For any new people reading my blog, welcome. You may have worked out that I kind of love echidnas. I have posted two previous posts about these awesome animals. I am so privileged to have at least one that visits my home.
Whilst I was reading and compiling the information on the previous posts, I began to notice some interesting things about echidnas, and me. The me who has been diagnosed with complex PTSD.
We are both happy being solitary. We can both be prickly and dig ourselves in for self preservation. We both enjoy digging in the soil, a lie in the sunshine and will spread out out to cool ourselves on the ground, we both like to swim.
They burrow in when unexpected visitors(dogs, dingos, eagles, humans, ) disturb them, and will only come out again after a resonable period cautiously to make sure the visitor has gone. Then go back to what they were doing. Me I hide behind the curtains and don’t answer the door! I wait to be sure the visitor has gone and return to what I was doing.
They keep to themselves with the exception of mating…well no not like me I am not looking at a relationship at all. Being on my own is good. I have never had several males interested in me at any one time. I can totally understand why the female echidna prefers to be on her own. If only human babies could be looked after for a period of time and then be left somewhere and mum only has to pop back in once a day! (I know there is child care and boarding schools) I am not a mother. I do NOT dislike babies or children. This is a display of my humor!
We both prefer to hibernate during winter, but will move if we really have too.
Puggles are very cute and look cuddly but you cant cuddle them.
In case you are concerned as we all should be not only for the loss of human life, homes and businesses, in the Australian fires so far this year, we should also think about the native animals and the rescue organsitations doing all they can to help those found injured and burnt. There is so much burnt land that the territory is not going to be able to support those that escaped and those that survive their burns and injury will be able to go back to.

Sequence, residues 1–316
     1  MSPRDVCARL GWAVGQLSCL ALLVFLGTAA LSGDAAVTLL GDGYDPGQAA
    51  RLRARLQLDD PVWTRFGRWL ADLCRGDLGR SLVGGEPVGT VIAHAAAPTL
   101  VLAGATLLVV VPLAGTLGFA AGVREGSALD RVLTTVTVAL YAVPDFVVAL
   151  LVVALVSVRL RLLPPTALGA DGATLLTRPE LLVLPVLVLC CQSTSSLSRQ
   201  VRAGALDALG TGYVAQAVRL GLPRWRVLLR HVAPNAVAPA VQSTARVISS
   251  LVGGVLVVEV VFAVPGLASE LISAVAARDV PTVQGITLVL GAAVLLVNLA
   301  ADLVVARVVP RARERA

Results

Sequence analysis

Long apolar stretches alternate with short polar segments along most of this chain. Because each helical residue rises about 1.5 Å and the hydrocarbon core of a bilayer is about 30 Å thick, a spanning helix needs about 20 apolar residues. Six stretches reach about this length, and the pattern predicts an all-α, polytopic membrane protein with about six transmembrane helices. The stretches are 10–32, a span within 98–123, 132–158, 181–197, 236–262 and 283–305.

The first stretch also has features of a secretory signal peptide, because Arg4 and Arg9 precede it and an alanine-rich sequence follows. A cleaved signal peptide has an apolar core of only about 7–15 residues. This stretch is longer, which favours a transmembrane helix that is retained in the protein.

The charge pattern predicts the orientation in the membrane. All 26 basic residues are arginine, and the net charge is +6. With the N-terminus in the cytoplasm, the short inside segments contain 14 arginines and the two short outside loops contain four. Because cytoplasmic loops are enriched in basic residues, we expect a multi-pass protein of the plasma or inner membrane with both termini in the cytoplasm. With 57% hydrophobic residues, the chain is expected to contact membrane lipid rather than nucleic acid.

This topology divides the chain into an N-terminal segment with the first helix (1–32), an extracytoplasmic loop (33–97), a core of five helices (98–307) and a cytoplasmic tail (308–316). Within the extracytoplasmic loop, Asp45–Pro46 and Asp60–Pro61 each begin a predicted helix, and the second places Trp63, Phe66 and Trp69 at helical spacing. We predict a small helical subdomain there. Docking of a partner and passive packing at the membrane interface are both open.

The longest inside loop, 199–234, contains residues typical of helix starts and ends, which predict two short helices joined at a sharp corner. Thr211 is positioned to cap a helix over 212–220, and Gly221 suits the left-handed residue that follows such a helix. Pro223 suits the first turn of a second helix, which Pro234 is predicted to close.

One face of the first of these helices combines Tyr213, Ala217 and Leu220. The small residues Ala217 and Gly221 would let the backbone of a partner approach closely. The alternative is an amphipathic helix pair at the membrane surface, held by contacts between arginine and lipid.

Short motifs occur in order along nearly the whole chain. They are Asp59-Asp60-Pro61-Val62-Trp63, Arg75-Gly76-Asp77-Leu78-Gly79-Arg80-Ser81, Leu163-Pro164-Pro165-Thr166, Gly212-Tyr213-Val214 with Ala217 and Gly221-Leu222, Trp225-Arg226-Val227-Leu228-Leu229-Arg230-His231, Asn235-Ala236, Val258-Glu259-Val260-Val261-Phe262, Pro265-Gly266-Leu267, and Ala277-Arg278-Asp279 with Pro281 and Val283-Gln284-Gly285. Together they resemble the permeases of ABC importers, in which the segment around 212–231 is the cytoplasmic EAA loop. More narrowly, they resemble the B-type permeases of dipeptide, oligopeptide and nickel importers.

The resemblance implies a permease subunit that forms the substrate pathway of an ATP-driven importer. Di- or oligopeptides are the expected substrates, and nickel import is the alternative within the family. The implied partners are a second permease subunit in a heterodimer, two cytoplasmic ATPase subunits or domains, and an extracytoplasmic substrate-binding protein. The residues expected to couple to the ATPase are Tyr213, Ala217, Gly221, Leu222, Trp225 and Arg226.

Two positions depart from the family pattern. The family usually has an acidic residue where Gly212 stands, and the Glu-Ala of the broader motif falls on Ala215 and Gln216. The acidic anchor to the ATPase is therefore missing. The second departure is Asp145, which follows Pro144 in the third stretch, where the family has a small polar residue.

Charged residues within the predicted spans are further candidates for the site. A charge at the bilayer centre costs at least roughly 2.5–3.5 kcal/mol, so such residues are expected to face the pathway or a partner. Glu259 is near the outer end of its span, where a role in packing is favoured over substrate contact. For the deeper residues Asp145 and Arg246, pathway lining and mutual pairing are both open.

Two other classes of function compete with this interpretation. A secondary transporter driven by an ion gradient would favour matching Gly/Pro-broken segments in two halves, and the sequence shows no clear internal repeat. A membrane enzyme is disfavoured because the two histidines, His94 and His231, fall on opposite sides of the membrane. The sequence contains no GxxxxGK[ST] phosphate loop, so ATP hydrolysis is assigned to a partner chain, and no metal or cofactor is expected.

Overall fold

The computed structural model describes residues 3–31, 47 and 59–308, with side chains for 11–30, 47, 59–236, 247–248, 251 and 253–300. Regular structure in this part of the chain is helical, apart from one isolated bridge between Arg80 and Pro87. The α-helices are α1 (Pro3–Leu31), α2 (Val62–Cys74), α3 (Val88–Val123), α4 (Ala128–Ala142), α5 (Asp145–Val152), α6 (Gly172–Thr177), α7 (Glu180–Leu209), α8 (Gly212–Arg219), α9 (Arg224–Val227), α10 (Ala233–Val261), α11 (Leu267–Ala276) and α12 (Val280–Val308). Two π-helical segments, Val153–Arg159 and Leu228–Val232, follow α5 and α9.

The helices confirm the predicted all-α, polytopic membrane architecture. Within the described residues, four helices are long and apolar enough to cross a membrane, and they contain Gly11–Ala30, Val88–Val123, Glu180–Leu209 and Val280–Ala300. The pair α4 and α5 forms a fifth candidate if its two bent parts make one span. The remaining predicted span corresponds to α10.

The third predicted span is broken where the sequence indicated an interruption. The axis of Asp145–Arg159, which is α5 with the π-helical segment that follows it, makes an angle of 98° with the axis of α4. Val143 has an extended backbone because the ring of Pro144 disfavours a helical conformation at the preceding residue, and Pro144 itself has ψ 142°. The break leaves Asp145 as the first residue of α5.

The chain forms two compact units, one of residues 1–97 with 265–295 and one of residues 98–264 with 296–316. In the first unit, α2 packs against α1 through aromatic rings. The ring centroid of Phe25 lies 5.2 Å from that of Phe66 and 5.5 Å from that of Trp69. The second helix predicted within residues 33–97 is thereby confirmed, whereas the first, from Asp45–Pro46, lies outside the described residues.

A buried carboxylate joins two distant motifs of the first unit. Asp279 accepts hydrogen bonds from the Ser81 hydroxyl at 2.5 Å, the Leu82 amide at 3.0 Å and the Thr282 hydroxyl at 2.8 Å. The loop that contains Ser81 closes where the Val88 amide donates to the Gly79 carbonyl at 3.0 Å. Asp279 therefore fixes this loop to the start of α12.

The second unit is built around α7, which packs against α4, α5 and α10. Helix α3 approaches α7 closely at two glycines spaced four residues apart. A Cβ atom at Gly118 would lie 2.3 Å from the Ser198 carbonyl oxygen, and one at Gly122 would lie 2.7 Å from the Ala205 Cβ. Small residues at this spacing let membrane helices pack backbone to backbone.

Echidnas are perhaps a bit more able to survive, than say Wallabies and Kangaroos and especially Koalas. Echidnas will attempt to escape fires by going into torpor, echidnas reduce their metabolic rate and lower their body temperature. This, according to research published in April 2016, gives them an uncanny knack for surviving bushfires. … Echidnas often nest underground in burrows or inside fallen logs, which can protect them from the heat and smoke of the of the flames. In research conducted in 2013 researchers took advantage of a controlled burn being conducted by the authorities in woodland south-east of Perth in Western Australia. They identified 10 short-beaked echidnas living in and around the area that was due to be burned. They had tracked 10 echidna that were found with in the controlled burn area, fitted them with tiny GPS tracking devices and monitored them prior and for 31 days after the controlled burn. (source) http://www.bbc.com/earth/story/20160513-when-confronted-with-a-raging-wildfire-echidnas-go-to-sleep
However, while this chilled-out approach to wildfires may well give echidnas an edge, it does not work every time.
During their study, Researcher’s team found three echidnas that had perished in the blaze. One was an animal they were tracking, which seems to have dropped into torpor inside a fallen log that caught fire.
Previous research has shown that echidnas can wake from torpor and move off at speed when threatened by smoke. In fact, another echidna resting in the same log woke up and fled – but its companion was not so lucky.
It is not just Bush Fires of controlled burns that impact Echidnas. Human day to day activity does. Echidnas being hit by cars and earth moving equipment digging up or flattening burrows, forestry, increasing populations moving into the bush as towns increase and tree changers move.
Catastrophic fires, the worst drought in history and record high temperatures are taking a tragic toll on native wildlife.
IF YOU DO COME ACROSS AN INJURED OR DEAD ECHIDNA (OR ANY NATIVE ANIMAL) CHECK ITS POUCH! If you can move the animal off the road, and if you cant remove the baby and its alive, contact your wild life rescue service.
Keep the animal warm: Keep the animal dark: Keep the animal quiet: Keep handling to a minimum: Do not provide food or drink.
This makes me so sad, I would like to save them all! They seem so nice and they have hobbies like swimming. I would love to see one in real life maybe that day will come; you never know 🙂 Till then I’ll learn about them through your blog. Thank you for caring for animals and teaching others about it.
I am so happy to share and am delighted that you enjoy them.
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